28 October 2003

New Entry-Exit System for Visitors to U.S. Will Be Fast and Effective

US-VISIT aims to enhance security, expedite legitimate travel

By Anthony Kujawa
Washington File Staff Writer

Washington -- The Department of Homeland Security (DHS) demonstrated new procedures that will require most visitors traveling on visas to the United States to have two fingerprints scanned by an inkless device and a digital photograph taken by immigration officials upon entry at U.S. air and seaports starting January 5, 2004.

The procedures, developed in response to a congressional mandate, are part of the US-VISIT (United States Visitor and Immigrant Status Indicator Technology) -- an automated entry/exit system -- and will be in place at 115 airports and 14 major seaports in early 2004. The enhancements to the immigration process will be phased in at U.S. land borders throughout 2005 and 2006.

Speaking at an October 28 press briefing demonstrating the new technologies, DHS Under Secretary for Border and Transportation Security Asa Hutchinson called US-VISIT "the most dramatic step forward in increasing security in the modern history of immigration."

The goal of US-VISIT, Hutchinson told the reporters, is to enhance the security of the United States while expediting legitimate travel and trade. The program provides the capability to verify the identity of incoming visitors, record the entry and exit of non-U.S. citizens into and out of the United States, and confirm compliance with visa and immigration policies, he said.

"For the first time we will have a comprehensive system [with which] we will be able to confirm the identity of a visitor to the U.S. in a biometric fashion; this gives us a tremendous new security capability," said Hutchinson.

Discussing concerns that the program will add time and confusion to the entry-exit process for visitors at air and seaports, DHS's Director of US-VISIT Program James Williams said, "Today you will see just the opposite. You will see a program that is effective, simple, fast and respectful."

Williams said US-VISIT meets its four goals, which are to enhance the security of U.S. citizens and visitors, expedite legitimate travel and trade, ensure the integrity of the immigration system, and safeguard and respect visitor personal privacy.

"It will not add any significant processing time to the current process," said Williams. Enhanced security procedures, he said, may add "only seconds" to the overall processing time.

Hutchinson added that the data obtained is securely stored as part of the visitor's travel record and that the information is made available only to authorized officials and selected law enforcement agencies responsible for ensuring the safety and security of U.S. citizens and foreign visitors.

Under US-VISIT, many of the procedures upon entry and exit to the United States will remain unchanged, said Hutchinson. Upon entry, he said, U.S. Customs and Border Protection Officers will continue to review travel documents, such as a visa and passport, and ask questions about the visitor's stay in the U.S.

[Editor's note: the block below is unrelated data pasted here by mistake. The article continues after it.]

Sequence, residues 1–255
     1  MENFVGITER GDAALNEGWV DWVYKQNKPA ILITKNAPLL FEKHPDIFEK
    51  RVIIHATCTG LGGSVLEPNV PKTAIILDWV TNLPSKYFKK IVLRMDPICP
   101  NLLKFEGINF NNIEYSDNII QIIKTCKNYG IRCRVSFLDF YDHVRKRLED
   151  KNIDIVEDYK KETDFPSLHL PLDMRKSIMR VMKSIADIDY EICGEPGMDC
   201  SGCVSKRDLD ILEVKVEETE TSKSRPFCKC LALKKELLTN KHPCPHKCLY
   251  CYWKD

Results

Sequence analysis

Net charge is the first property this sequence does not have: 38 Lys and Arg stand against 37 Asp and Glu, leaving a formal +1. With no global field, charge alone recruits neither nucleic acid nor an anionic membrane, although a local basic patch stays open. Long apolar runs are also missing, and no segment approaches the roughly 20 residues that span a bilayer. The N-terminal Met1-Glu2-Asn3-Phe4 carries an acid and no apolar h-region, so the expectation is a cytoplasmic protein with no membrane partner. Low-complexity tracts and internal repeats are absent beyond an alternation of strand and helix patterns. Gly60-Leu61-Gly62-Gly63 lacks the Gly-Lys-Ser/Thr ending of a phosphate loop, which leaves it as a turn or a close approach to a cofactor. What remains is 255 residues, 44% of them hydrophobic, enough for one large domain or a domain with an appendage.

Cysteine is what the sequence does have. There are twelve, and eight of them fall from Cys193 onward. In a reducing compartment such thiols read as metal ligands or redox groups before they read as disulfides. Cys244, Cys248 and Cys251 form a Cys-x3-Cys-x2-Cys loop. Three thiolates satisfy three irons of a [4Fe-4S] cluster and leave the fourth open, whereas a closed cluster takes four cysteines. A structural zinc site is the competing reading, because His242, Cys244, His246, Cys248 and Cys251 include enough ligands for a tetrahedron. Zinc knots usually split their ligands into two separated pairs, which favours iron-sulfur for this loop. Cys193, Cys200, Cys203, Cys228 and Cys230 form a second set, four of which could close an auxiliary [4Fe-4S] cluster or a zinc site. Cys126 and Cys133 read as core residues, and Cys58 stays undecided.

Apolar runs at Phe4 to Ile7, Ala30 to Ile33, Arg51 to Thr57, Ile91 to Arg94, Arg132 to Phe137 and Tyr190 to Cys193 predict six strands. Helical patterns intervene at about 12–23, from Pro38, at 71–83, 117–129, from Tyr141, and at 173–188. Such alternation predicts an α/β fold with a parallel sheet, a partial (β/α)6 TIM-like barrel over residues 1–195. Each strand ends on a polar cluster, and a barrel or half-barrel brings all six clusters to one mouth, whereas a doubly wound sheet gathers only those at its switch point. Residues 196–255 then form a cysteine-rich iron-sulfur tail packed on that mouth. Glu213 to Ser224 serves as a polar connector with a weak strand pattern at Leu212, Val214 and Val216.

But now when an immigration official electronically scans the visa in the visitor's passport, the photo and biographic data collected during the visa application interview will become available on the official's computer. The visitor will then be asked to put one and then the other index finger on a glass plate that will electronically capture two fingerprints. The fingerprints will be run through a database to ensure the visitor is eligible to enter the United States. Visitors also will be asked to look into a camera and their picture will be taken. The photo can be taken while fingerprinting is in process.

With US-VISIT, upon exit from the United States travelers will see automated, self-service kiosks at the international departure areas, where visitors with visas will be asked to scan their travel documents electronically and repeat the fingerprinting process on the inkless device. DHS officials said this process will verify the visitor's identity and departure and will confirm compliance with U.S. immigration policy. The exit confirmation will be added to the visitor's travel records to demonstrate compliance and record the individual's status for future visits to the United States.

"All of these entry and exit procedures address our critical need for tighter security and our commitment to expedite travel for the millions of legitimate visitors we welcome each year to conduct business, learn, see family or tour the country," said Hutchinson.

"The U.S. wants to continue to be a welcoming nation," he said.

According to a DHS brochure that describes US-VISIT procedures, "The United States of America is still a nation where diversity is celebrated and people from all over the world are welcome. Today we -- like most other countries -- are working to keep our borders secure while we maintain the freedom to exchange ideas, keep businesses thriving, and enrich lives all over the world."

For more information about the US-VISIT program, visit www.dhs.gov/us-visit.

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